Libor Štěpánek is Assistant Professor in English and Director of the Masaryk University Language Centre, Brno, Czech Republic. He is an author and co-author of a number of EAP courses and publications, however, his main academic interest lies in the Creative Approach to Language Teaching (http://eapcreatively.blogspot.cz/) and the use of videoconferencing (VC). Since his first VC course with Aberystwyth University in 2004, Libor has been involved in VC experiments and extensive research. Today, he trains teachers in the use of videoconferencing and the Masaryk University Language Centre offers VC simulations of international law trials, business negotiations, courses on intercultural communication and global team work, thus connecting its students to the UK, Europe and the rest of the world on a weekly basis.
Creative EAP: Changing the dynamics of teaching
Current societal changes throughout the world are affecting the way we think, learn and teach. Individual sectors of Higher Education reflect those changes in diverse ways. Different universities adopt innovative pedagogies, methodologies and educational styles, which impact EAP significantly and require EAP practitioners to implement corresponding changes into their everyday teaching practice.
Students today are expected not only to acquire appropriate language competencies that would enable them communicate competently in their discipline, but also to learn a whole range of extra-linguistic competencies, from intercultural communication skills to team work, creative thinking or autonomous decision-making strategies.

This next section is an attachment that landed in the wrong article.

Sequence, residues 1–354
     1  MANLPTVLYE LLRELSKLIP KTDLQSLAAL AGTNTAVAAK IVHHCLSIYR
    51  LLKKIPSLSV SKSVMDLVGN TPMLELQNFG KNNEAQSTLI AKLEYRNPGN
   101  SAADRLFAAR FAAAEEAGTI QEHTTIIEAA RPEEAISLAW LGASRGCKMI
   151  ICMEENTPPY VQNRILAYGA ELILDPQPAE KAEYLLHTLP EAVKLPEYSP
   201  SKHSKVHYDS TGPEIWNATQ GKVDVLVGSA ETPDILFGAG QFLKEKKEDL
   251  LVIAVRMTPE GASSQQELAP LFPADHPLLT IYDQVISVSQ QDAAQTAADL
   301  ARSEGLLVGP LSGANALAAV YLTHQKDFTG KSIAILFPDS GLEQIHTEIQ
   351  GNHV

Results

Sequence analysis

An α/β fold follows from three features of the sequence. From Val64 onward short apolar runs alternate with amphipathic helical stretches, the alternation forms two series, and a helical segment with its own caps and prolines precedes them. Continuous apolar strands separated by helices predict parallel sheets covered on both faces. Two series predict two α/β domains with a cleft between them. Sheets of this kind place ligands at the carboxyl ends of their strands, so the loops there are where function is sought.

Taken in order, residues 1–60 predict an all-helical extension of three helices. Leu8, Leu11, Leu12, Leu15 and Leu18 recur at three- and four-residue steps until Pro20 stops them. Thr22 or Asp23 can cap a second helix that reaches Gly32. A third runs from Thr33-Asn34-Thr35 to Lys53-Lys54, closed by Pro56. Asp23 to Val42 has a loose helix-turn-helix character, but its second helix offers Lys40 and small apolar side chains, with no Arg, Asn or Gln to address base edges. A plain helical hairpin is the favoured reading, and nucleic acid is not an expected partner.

In this paper, I will introduce some theories and approaches that allow for flexible implementation of a wide range of linguistic and extra-linguistic competencies into EAP courses. I will present strategies that encourage students to become more responsible, creative and autonomous co-authors of their own learning. And I will also show some practical examples of activities that link local and international academic setting, combine authentic and adapted materials or situations, blend synchronous and asynchronous modes of communication, and demonstrate how creative teaching may help learners deal with a wider variety of complex challenges they may face in the future more effectively.